Monday 23 April 2018

Amy Mulvaney: If you're young and you smoke, you're absolutely insane

Tobacco use is the leading cause of preventable death in Ireland, with 5,500 smokers dying each year from tobacco related diseases.
Tobacco use is the leading cause of preventable death in Ireland, with 5,500 smokers dying each year from tobacco related diseases.
Gerry Collins pictured for the launch of an HSE advert against smoking in 2013
Amy Mulvaney

Amy Mulvaney

Smoking kills. This fact has been made as well known to us as the alphabet since the warning was introduced as compulsory to cigarette packaging in 2003.

Yet why do young people still continue to smoke? I specify 'young people' as they, as a group, are more likely to be able to kick the habit than someone who has been smoking for 30 years of their life.

As a 22 year old woman, I know more people in my age group who smoke than I'd like to, and every time I see someone pull a packet of cigarettes out of their pocket, my heart winces.

We've been told point-blank that one in every two smokers will die of a tobacco related disease, that the tar in cigarette smoke contains carcinogens, which encourage the development of cancer cells in your body. We've been told that smoking is responsible for 85-90pc of all cases of lung cancer, that it increases the risk of cervical cancer, stomach cancer and oesophageal cancer, to name a few. Smoking can cause coronary heart disease, heart failure and heart attacks.

But despite these facts being widespread in Ireland thanks to the work of the Irish Cancer Society and the Health Service Executive, young people still continue to make smoking a habit, when it's something they could have easily avoided for their entire lives.

For the best part of the 21st century, these facts have been relayed to us, yet it's not enough to encourage people to stop, or to avoid smoking completely. How can someone in their youth begin smoking, knowing full well the effects it can (and will) have on their health?

Are the heartbreaking tales of people who have died from smoking not enough to make you want to put down that cigarette? Consider, for example, Gerry Collins. Mr Collins was the face of a national HSE Campaign to encourage people to give up smoking after being diagnosed with throat cancer in 2008 and lung cancer in 2013. That year, Mr Collins, a father-of-three, was told that he had less than a year to live. He fronted several campaigns detailing how his health had been destroyed by tobacco, saying: "I wish I had stopped smoking earlier, I really do. My life would have been totally different." Mr Collins died at the age of 57 in March 2014.

My own mother passed away from non-smoking related cancer in 2011, after having the vicious disease six times over 10 years. Had she been able to avoid cancer, I've absolutely no doubt that she would have done whatever it required in order for it to prevent it from damaging her health, and eventually taking her life at just 43 years of age. I think it's understandable then, that when I see a young person begin smoking for reasons I will never understand, that I feel enraged and heartbroken by their selfishness. There are people fighting cancer that would give anything to be in full health, yet here are these people voluntarily damaging their bodies and putting themselves at risk.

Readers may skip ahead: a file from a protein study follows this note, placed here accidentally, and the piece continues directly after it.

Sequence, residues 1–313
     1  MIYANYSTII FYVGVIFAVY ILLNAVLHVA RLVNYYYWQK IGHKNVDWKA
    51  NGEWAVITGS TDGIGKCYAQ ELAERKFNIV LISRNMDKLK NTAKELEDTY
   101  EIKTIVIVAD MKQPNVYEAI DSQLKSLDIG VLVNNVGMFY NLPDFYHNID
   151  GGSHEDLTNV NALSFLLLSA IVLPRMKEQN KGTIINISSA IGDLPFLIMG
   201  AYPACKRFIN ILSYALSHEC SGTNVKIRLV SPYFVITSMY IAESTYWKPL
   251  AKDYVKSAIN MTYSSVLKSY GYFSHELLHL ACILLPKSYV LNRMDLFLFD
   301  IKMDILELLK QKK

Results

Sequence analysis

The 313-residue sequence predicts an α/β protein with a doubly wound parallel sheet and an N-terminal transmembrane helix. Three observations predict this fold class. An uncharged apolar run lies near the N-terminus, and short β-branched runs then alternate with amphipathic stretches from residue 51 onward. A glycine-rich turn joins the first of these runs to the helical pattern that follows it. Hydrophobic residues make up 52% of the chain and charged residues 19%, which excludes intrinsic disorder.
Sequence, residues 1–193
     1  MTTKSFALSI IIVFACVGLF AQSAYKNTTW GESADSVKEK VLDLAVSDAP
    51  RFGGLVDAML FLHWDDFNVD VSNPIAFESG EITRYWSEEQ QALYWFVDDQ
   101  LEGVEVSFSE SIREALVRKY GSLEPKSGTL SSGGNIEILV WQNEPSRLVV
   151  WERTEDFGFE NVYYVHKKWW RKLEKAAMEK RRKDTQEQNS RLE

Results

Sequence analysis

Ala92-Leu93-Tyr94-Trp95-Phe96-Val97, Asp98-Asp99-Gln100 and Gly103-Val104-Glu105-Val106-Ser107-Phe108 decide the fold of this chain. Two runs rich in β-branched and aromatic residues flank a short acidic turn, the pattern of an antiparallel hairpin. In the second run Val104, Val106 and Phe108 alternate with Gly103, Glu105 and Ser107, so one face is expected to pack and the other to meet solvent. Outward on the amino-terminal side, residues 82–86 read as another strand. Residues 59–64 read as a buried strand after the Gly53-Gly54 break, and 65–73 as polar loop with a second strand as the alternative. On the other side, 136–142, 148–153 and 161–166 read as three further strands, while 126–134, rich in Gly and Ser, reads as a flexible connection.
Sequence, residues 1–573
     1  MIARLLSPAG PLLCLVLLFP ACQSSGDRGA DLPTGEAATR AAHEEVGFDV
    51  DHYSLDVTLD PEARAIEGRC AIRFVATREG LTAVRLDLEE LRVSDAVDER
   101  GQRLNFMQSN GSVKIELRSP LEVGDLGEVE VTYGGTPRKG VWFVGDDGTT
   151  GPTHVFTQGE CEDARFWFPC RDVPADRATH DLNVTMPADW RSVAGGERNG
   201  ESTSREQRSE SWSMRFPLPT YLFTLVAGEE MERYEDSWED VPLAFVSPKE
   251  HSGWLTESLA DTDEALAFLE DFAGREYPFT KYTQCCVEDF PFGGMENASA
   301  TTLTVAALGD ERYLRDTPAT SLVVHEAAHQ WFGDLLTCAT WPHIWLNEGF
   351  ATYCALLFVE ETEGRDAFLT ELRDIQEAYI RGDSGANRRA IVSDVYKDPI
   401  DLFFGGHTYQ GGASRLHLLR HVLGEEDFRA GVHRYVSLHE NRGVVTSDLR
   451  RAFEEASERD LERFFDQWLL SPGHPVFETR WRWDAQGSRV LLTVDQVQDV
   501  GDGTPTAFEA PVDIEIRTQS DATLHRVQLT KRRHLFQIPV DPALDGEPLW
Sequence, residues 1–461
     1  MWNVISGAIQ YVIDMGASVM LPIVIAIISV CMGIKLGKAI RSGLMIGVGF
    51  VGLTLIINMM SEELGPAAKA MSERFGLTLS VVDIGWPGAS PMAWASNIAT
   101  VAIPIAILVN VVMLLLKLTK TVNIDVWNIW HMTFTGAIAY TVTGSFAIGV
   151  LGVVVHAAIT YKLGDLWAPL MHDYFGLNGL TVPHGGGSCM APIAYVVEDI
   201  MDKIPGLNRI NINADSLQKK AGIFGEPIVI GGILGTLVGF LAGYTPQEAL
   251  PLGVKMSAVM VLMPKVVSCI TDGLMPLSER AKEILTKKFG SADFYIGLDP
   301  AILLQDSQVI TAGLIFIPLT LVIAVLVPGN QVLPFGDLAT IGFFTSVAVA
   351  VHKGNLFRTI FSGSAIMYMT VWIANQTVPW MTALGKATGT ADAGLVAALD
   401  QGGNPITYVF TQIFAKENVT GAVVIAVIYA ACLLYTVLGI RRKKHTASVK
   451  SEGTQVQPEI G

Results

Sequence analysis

Gerry Collins pictured for the launch of an HSE advert against smoking in 2013
Gerry Collins pictured for the launch of an HSE advert against smoking in 2013

Not to mention the fact that smoking has proven effects on those who are exposed to their dirty habit. Passive smoking can increase the risk of lung cancer and heart disease, with the risk of developing lung cancer being increased by 20-30pc in people who are regularly exposed to other people's cigarette smoke.

Speaking to Independent.ie, Joanne Vance, Community Programmes Manager with the Irish Cancer Society, said that there has been a "considerable" drop in 12-17 year olds smoking, from 15pc in 2010 to 8pc in 2016. There has also been a decrease in prevalence for 18-24 year olds, from 21.5pc in 2013 to 19.5pc in 2017, as well as a decrease of 6pc in the last for years for those in the 25-34 age group.

However, while the figures report good news for young people, Ms Vance said that there is still work to be done.

"The Irish Cancer Society and other health and government agencies need to continue to work harder to bring these rates down to 5pc. We can do this by engaging with younger smokers to find out more about the reasons why they continue to smoke, making sure they are well informed about real social and health harms of smoking, that the tobacco industry don’t want them to know; and providing more targeted smoking cessation supports for them to quit, in places where they work, live and socialise.

"The Irish Cancer Society also runs a youth smoking prevention programme called X-HALE every year which aims to harness the potential for young people to drive the movement towards a tobacco-free generation among their friends, communities and wider networks using film, social media and community action. It is this kind of positive engagement that support young people to quit smoking, or not start in the first place. Since 2011, we have supported over 225 youth organizations to take part in X-HALE."

While I understand that smoking is an addiction, and I'm not undermining how difficult it is to give up, I think it's time for young people to make a conscious effort to ensure that our generation is the last affected by smoking and its detrimental effects.

For more information and support on how to quit smoking, visit quit.ie.

For cancer information and support, visit cancer.ie.

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